Robo Instructus devblog
Updates on the development of coding puzzler Robo Instructus
Scaf - The Last Of The Great Placeholders
I'm a game developer currently working on robot engineering puzzle game Robo Instructus. For my previous posts look here.
This week brings one of the larger missing functional pieces of the game; the facility view. A hub where players select levels to play and can view their overall progress, this is a step towards the game functioning as the final build will. This should also be the last big placeholder art addition to Robo Instructus. The lucky few alpha testers will be greeted by the word Scaf rotated downward.
Surely placeholder art doesn’t get more placeholdery than this. But what is “Scaf”, what does it mean? See how I manage to capture the mystery and wonder of playing the full game, for “Scaf” leads to “Scaff” leads to “Scaffo” … leads to “Scaffold”. All unlocked slowly as you complete more levels.
So this actually will mirror the final game experience of slowly progressing down a less literal scaffold. Instead of the dashing Fenix typeface, you’ll see a structure emerging and start finding clues as to what it is.
Right now the word will have to suffice. And obviously the reason you placeholder these things is to develop the actual code that underlies the screen. So level selection, seeing what levels have been completed or are locked is all implemented.
There may even be other placeholder words to be uncovered, but only the cleverest will be able to find them…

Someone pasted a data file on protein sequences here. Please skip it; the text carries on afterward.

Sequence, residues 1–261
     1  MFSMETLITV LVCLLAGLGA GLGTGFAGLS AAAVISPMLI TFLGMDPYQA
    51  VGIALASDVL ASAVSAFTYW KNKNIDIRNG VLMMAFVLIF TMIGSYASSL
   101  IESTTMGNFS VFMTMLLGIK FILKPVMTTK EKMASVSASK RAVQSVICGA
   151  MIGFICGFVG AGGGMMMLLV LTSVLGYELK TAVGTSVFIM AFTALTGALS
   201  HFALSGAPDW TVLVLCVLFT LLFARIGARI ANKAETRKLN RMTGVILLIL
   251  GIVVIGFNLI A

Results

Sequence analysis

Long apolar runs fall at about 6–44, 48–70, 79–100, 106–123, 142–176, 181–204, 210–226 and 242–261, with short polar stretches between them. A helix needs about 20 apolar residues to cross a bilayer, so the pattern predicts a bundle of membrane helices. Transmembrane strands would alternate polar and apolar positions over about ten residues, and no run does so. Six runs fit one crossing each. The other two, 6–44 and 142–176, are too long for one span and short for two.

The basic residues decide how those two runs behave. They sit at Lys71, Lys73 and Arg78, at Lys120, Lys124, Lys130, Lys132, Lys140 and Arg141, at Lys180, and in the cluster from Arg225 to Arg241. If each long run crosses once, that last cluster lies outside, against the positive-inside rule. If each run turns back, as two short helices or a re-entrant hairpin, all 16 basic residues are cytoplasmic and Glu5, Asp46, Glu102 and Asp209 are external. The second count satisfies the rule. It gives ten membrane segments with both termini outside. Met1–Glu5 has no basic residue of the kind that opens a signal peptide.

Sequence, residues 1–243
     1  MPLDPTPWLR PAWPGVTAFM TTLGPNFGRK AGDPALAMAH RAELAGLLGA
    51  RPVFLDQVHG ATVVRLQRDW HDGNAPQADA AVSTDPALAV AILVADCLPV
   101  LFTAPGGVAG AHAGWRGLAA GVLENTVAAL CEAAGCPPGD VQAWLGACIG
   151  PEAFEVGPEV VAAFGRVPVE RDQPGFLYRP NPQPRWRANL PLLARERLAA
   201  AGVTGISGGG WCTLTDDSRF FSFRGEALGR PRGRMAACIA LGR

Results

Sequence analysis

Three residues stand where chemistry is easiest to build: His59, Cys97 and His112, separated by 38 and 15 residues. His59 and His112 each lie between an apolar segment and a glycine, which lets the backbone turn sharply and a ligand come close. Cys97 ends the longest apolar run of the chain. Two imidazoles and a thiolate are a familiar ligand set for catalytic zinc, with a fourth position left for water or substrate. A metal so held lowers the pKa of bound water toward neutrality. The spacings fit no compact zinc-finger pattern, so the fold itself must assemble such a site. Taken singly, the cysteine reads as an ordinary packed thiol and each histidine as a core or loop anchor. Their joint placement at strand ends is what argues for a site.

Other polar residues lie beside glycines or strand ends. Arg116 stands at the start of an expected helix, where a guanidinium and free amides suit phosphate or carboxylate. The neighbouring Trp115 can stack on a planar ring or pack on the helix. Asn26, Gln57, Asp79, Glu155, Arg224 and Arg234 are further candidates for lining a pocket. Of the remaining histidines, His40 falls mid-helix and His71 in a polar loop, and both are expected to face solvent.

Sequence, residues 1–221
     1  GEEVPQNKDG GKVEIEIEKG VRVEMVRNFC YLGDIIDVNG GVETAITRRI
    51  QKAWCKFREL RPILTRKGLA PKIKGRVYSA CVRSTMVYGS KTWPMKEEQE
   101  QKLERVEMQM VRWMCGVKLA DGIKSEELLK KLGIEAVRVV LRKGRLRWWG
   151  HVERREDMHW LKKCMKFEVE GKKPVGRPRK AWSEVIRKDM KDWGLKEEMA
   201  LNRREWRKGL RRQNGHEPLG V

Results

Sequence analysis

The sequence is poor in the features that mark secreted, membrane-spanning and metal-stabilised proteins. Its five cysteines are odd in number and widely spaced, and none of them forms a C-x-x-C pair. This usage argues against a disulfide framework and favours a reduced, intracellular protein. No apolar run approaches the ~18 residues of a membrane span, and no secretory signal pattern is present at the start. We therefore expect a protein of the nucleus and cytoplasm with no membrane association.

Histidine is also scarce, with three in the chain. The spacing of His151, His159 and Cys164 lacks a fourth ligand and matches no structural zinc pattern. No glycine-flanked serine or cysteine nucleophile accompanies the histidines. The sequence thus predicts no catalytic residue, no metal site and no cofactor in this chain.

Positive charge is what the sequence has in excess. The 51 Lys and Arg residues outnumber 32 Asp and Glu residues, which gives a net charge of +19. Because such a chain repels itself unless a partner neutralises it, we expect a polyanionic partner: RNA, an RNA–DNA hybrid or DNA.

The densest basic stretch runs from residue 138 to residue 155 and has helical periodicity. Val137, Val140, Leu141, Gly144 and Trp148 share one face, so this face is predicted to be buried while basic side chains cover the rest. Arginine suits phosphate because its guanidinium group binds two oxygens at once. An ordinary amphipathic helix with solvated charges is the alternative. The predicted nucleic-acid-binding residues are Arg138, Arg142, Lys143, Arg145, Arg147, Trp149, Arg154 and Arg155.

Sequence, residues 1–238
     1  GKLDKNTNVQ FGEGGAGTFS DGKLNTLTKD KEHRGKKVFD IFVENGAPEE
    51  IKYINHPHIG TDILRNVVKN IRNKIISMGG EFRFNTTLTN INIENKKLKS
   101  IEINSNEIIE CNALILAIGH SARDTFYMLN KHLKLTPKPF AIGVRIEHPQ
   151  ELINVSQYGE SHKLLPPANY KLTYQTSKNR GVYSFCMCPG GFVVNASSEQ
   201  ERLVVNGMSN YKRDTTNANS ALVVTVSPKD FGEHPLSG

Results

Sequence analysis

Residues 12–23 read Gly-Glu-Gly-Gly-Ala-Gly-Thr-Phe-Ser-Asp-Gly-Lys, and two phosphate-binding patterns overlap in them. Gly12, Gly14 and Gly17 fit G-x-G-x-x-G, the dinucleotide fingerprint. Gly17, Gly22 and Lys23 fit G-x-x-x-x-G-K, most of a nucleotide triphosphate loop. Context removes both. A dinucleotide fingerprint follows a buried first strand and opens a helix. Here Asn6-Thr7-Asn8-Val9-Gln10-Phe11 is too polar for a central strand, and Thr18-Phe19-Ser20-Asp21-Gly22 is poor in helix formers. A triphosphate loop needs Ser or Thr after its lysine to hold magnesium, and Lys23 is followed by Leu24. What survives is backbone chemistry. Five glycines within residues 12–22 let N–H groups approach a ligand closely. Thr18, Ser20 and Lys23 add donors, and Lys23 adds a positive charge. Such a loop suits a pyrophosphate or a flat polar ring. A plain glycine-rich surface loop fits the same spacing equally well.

…Ok there’s just one more it’s “Facility” going into the ground below the scaffold.
Completing the facility view in good time allowed me to look at some older features that will be needed for the release. Currently the game auto-saves your progress, but if you want to restart the whole game from scratch you have to manually mess about with save files hidden on your PC somewhere. It’s pretty standard to have 3 profiles to select between in indie games, so Robo Instructus will be no different.
Alpha-1.16 brings this functionality, currently limited to selecting one of 3 profiles without any delete-profile, swap profile support. They can be added later if there’s demand (although are pretty easy to do in the filesystem).
This is also particularly useful for testing, the game has had a quick hack to allow a temporary fresh profile that I used for testing. But honestly it was never very useful, it’s nice to finally have proper profile support.
Most games have sound, and now Robo Instructus joins them. Alpha-1.16 has the very first sounds, currently just chimes when you complete level variants. Right now it’s mostly a proof that sound shouldn’t be an issue, and the final game will mostly be music reliant rather than sound-effects. Even so I’ll experiment a little with sounds and try and figure out what actually elevates the experience.
I already added click sounds when you select levels. Then I removed them because I hated them. No operating system, website or application has click sounds, but games often do. I’m not sure what the rationale is there. To be fair my mouse has built in analogue click sounds, so maybe I’m just spoilt.
I used the rust crate rodio to play the sounds. Worked like a charm. It’s always a nice surprise when a library does what you think it should
on the first try after getting it to compile.
Alpha testers now have access to alpha-1.16 with these new features. Please let me know if you guys find any issues!